Those were the final words my son had for me before bed last night. I knew just what he meant. He will not be fundamentally changed when he wakes on his 10th birthday – he will still be smart and funny and athletic and sensitive. He will still be the middle child. He will still have to brush his teeth, put away his clothes, and do his homework.
But 10 feels different from 9.
It feels different for him and it feels different for me. Somehow the passage to double digits marks a shift in childhood. He hasn’t been my fat-cheeked baby for a long time, but he’s still been a little boy in my mind. With age 10, the adjective “little” disappears. He is most definitely my big boy, and that’s tough.
At such a milestone I can’t help but look back. Have I done enough? Have I been the best mom for him? I joke about forgetting the first year of his life, swamped as I was with two babies. Now I think it’s not so funny. I look back on his baby book and, despite all the parenting advice, compare his slim volume to his big brother’s 3-ring binder. Oh, the mom guilt.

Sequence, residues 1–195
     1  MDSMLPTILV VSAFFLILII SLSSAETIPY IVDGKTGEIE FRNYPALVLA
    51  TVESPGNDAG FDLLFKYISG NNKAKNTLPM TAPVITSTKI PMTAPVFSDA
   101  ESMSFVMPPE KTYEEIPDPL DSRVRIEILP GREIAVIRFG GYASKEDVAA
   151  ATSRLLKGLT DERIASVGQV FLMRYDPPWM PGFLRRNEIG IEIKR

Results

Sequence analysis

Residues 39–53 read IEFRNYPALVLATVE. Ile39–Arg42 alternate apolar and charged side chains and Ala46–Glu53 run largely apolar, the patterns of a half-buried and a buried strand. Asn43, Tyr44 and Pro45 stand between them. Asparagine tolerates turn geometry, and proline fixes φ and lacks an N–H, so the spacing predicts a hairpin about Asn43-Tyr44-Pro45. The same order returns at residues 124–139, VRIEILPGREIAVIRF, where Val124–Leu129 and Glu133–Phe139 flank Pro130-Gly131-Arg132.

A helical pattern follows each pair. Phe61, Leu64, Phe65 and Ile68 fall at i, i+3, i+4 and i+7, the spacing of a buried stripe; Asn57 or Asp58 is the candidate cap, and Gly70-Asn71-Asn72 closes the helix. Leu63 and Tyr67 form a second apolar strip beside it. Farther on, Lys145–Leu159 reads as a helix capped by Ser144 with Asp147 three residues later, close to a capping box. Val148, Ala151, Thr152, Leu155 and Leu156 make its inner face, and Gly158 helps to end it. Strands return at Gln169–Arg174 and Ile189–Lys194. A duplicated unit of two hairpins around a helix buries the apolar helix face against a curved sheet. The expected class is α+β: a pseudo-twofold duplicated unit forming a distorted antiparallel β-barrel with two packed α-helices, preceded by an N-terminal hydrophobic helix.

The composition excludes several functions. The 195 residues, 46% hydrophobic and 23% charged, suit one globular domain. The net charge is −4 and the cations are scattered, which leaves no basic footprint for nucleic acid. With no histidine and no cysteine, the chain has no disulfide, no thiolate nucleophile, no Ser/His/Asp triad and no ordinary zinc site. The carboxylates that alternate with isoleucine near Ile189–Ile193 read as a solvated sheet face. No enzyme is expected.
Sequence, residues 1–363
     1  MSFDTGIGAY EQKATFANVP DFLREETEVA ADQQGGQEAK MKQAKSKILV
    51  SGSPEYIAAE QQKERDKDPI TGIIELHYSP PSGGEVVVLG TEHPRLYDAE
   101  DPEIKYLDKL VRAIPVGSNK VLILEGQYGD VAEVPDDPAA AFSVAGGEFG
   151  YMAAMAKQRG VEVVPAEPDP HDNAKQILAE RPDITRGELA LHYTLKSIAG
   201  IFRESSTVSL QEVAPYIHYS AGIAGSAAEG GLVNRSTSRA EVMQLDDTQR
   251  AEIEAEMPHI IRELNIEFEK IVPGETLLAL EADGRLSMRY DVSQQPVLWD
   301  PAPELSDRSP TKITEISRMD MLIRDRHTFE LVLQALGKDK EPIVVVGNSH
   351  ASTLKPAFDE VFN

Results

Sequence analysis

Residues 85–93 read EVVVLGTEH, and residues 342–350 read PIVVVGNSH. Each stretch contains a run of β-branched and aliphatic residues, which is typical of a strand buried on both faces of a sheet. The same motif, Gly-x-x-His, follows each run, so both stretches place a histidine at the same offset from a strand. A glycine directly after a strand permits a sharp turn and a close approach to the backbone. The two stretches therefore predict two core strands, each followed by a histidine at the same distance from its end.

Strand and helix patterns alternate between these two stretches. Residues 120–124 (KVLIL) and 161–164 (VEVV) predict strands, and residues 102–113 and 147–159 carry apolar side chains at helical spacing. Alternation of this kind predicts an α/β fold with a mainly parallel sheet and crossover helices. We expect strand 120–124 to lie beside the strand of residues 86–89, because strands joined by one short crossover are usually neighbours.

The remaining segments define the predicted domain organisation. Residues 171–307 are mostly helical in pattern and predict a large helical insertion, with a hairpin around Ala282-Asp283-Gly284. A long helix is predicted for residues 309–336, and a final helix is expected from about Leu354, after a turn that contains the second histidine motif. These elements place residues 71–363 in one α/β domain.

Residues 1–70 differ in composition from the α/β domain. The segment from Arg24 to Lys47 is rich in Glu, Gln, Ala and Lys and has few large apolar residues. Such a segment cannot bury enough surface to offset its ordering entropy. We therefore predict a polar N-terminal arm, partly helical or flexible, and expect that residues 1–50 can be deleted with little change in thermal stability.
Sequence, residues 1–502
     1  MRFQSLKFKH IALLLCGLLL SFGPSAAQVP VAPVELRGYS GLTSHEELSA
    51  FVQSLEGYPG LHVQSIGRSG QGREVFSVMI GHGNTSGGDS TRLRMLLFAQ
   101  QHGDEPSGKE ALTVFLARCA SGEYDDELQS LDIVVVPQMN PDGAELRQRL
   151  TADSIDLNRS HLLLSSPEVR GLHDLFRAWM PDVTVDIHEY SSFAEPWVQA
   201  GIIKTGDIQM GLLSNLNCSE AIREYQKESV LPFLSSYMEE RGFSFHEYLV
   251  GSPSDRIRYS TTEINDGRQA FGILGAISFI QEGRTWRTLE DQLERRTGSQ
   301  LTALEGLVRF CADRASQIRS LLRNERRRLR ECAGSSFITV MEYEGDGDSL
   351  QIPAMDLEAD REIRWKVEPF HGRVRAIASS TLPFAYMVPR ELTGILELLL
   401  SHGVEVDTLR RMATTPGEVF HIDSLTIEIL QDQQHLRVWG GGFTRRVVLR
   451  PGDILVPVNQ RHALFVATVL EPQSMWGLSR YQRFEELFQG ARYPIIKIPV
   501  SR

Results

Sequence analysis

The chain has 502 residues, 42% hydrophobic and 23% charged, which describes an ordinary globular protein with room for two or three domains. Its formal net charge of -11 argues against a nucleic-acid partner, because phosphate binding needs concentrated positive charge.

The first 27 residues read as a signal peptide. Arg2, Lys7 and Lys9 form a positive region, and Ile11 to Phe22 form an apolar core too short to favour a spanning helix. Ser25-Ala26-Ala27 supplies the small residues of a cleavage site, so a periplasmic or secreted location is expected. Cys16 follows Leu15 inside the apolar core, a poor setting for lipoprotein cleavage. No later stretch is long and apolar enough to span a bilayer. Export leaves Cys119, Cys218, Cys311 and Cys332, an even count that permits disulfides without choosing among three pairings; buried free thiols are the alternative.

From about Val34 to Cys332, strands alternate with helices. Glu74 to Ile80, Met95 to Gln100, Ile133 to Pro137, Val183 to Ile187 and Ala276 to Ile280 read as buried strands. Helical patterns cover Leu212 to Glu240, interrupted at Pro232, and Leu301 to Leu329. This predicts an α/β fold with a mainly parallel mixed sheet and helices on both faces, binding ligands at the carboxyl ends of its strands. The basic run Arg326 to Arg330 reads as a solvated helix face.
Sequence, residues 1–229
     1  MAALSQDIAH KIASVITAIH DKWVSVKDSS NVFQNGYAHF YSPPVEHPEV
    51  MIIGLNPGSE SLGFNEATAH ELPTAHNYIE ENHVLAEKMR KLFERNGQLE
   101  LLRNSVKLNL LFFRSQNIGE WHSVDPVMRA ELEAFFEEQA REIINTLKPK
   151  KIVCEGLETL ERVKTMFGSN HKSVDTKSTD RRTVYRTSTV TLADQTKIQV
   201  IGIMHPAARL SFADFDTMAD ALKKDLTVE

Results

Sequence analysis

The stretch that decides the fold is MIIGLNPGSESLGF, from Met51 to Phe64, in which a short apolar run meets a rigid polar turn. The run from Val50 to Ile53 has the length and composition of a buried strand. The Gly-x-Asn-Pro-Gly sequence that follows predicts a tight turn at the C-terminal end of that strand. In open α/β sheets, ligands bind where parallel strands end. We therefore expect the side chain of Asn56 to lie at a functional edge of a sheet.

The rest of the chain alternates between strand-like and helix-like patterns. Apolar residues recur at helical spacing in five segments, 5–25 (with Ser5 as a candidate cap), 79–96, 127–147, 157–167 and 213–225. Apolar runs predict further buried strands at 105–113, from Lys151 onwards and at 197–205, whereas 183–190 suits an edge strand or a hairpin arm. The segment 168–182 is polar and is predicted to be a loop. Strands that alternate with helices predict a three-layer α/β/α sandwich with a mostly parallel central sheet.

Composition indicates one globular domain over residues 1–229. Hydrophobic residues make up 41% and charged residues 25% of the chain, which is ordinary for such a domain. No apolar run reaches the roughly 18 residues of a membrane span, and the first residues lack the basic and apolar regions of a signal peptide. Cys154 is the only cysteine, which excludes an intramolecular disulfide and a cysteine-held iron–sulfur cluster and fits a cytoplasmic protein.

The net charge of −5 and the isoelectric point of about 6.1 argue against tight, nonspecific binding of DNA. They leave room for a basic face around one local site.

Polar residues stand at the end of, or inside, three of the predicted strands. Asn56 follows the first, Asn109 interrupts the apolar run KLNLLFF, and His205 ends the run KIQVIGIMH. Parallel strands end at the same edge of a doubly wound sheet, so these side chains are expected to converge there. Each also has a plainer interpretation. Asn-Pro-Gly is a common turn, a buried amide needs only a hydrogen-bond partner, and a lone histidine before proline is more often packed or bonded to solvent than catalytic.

So then I look at the big boy himself. Oh, the mom pride. I marvel at the person he has become. How have we managed to raise such a wonderful kid? He is loved by his classmates and his teachers. He takes pride in his work and his athletic achievements, especially in baseball. Sometimes quiet and reserved, he also possesses a kooky sense of humor we adore.
With all these gifts, it’s easy to forget his sensitivity. I worry about how easily his feeling bruise. His brothers have long figured out the quickest ways to push his buttons. Even at age 10, he can go from smiles to tears in an instant. I take more pride in the way in which he is sensitive to everyone else’s feelings.
Today’s crisis is who to pick as his birthday helper. As the birthday boy, he gets to pick 2 friends to help him pass out treats at school. He is so afraid of hurting someone’s feelings by not picking them. He just doesn’t know what to do. It seems a small dilemma to be sure, but I understand that for him, it’s enormous. I also understand that it is only one of many perceived crises that I will not be able to solve for him.
The trouble with growing up is that, more often than not, you have to solve your own problems. As much as I’d like to pick him up and whisk him away from any hurt, I can’t do that anymore.
He is 10.